What Yannick says he’ll do next

The Met’s new music director has been speaking to media beyond New York.

Montreal?

He tells Peter Dobrin in Philadelphia: ‘I will keep a minimal presence in Montréal until 2020-21, this is when my actual contract is up with Orchestre Métropolitain.’

Europe?

‘My guest-conducting in Europe will be sensibly reduced. Just select dates in Berlin, Vienna, and Munich, and that’s pretty much it. So I made the choice to be a very much Northeast American.’

Repertoire?

He tells Christophe Huss in Le Devoir that his next three opera at the Met will be Germanic, starting with Flying Dutchman. After that, he wants to do some Britten, with a smaller orchestra, away from the Met stage:  un peu plus de Britten, avec un orchestre un peu plus petit, ailleurs que sur la scène du Met.

Co-productions?

He wants to reduce Gelb’s reliance on European co-pros: C’est une très bonne politique de Peter Gelb de faire des coproductions afin de reprendre les créations qui se font ailleurs et d’en donner une version optimisée au Met, mais ce qui me fascine, c’est d’accompagner le processus de création depuis le début. Il faut que le Metropolitan Opera programme davantage de créations.

Outreach work in Philadelphia?

‘Geographically with New York being so close and the way I rehearse a new production of an opera, and there are five or six weeks of rehearsal, that doesn’t mean I am required every single day. So there are moments when I can commute and have two days to do meaningful things with the community outside the subscription series and come back to Philadelphia to do a pop-up or play-in or work with All-City Orchestra.’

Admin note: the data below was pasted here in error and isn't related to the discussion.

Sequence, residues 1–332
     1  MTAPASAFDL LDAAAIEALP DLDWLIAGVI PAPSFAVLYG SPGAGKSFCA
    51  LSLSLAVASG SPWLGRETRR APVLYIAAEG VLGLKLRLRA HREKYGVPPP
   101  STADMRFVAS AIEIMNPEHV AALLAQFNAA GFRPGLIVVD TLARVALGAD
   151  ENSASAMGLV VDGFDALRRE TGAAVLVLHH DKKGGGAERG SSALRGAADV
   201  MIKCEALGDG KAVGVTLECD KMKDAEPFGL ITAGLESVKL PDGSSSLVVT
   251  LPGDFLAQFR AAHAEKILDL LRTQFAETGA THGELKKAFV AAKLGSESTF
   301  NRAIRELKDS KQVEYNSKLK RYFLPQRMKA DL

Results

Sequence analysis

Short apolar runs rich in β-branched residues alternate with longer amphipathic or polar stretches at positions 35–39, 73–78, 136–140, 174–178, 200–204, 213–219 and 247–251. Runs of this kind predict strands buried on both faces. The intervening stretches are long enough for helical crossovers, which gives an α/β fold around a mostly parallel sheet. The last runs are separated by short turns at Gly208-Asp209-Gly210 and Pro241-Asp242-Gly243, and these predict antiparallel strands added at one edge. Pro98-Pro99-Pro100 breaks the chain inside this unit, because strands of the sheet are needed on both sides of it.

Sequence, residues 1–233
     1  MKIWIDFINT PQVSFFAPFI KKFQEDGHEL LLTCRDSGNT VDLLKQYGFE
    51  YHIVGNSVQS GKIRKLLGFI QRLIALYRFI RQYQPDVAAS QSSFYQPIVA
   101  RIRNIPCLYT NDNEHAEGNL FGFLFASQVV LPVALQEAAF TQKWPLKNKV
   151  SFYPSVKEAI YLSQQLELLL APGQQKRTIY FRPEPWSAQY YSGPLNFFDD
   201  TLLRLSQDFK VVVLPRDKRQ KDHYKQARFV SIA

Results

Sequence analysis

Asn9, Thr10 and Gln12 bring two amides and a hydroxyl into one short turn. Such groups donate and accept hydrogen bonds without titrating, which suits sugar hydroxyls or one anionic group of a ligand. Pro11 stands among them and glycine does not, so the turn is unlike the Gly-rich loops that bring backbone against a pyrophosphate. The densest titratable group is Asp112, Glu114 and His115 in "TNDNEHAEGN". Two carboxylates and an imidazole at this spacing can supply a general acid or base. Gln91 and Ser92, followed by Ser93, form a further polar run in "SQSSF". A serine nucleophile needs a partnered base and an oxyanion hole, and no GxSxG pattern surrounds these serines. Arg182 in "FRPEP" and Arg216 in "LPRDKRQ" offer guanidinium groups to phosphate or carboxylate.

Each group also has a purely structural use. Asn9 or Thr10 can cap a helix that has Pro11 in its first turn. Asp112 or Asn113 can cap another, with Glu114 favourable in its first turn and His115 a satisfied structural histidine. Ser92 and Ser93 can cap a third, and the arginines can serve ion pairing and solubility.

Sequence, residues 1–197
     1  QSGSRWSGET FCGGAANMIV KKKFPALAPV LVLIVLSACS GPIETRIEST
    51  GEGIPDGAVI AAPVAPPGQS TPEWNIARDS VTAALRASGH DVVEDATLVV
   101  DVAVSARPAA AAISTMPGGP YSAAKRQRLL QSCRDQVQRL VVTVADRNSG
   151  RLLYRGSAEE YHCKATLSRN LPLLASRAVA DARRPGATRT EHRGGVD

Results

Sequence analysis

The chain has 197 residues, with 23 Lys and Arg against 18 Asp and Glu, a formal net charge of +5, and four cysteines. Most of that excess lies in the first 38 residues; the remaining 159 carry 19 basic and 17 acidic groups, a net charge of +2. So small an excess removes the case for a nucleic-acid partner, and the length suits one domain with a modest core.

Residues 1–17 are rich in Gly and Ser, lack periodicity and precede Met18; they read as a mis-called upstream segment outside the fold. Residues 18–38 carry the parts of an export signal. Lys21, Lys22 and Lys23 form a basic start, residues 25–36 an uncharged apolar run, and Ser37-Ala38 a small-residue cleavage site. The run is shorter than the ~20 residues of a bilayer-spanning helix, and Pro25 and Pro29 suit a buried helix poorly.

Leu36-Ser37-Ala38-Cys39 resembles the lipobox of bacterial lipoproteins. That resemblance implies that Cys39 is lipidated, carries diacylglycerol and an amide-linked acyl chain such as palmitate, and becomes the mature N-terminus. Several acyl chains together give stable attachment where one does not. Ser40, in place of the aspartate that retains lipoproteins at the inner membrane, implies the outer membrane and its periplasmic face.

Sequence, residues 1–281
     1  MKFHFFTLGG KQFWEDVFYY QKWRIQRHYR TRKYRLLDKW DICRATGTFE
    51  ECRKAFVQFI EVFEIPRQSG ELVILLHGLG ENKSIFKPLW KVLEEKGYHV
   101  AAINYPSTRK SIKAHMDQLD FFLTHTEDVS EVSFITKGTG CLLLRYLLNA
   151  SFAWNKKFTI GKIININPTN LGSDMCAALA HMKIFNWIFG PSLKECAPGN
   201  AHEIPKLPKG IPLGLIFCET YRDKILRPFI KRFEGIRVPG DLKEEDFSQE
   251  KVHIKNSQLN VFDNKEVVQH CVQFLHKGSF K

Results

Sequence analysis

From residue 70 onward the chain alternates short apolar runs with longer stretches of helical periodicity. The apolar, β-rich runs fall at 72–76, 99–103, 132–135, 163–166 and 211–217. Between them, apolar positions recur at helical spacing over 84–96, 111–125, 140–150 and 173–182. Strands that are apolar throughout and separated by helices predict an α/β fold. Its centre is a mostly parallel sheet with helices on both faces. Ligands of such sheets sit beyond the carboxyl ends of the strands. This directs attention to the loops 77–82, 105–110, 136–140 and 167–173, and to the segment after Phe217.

And Montreal, again? Il est trop tôt, je n’ai pas d’idée sur ce qu’il adviendra de ma relation avec l’Orchestre Métropolitain après 2021. Une chose est sûre : j’aurais toujours des liens avec le Métropolitain. La forme est à définir.

 

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  • Sad news for us Europeans. To hear this exceptional artist, one will have to travel to Berlin, Vienna or… Munich? Only if he doesn’t conduct in the Gasteig…

  • Is it so passé now to commit just to one organisation? There seems to be an arms race among the 30-, 40- something set to see who has the most appointments (separated by the greatest distance on the globe).

    Monogamy seems to be the exception now, and only with the older generation: Rattle and Berlin then with London, Chailly and La Scala, FWM and Cleveland…

    (The greatest distance winner must be Jaap van Zweden: between Dallas (soon NY) and Hong Kong)

  • What about Rotterdam? I’ve only seen him once at Edinburgh and hated him as he micro-managed ever player – pointing at them your next, now it’s your turn etc. Maybe he’s a better opera conductor?

  • Yes, what about Rotterdam? Pity he isn’t more loyal to the ensembles who gave him positions when he was a relative unknown.

    • Actually he is.He didn’t give up the Orchestre Metropolitain in Montreal….even making recordings with them for a smaller label…

    • Given that he’s taking the title of Honorary Conductor in Rotterdam, I am sure it is not a far stretch to assume he will remain a regular visitor.

  • And it looks as if his commitment to Metropolitaine will go on, in somewhat altered and of course less frequent ways.

    • He’s been involving more and more young conductors with the OM. For a while, it was “Yannick’s Orchestra”; now, he (and they) clearly want to make it a valuable orchestra of high standard in its own right. Julian Kuerti is Principal Guest Conductor, Cristian Macelaru (his assistant in Philadelphia) has been conducting quite a bit, etc. Chances are he’ll move on to an emeritus status and come back for a prestige concert and a few more, or something like that. The orchestra is now strong enough to thrive without him being the figurehead.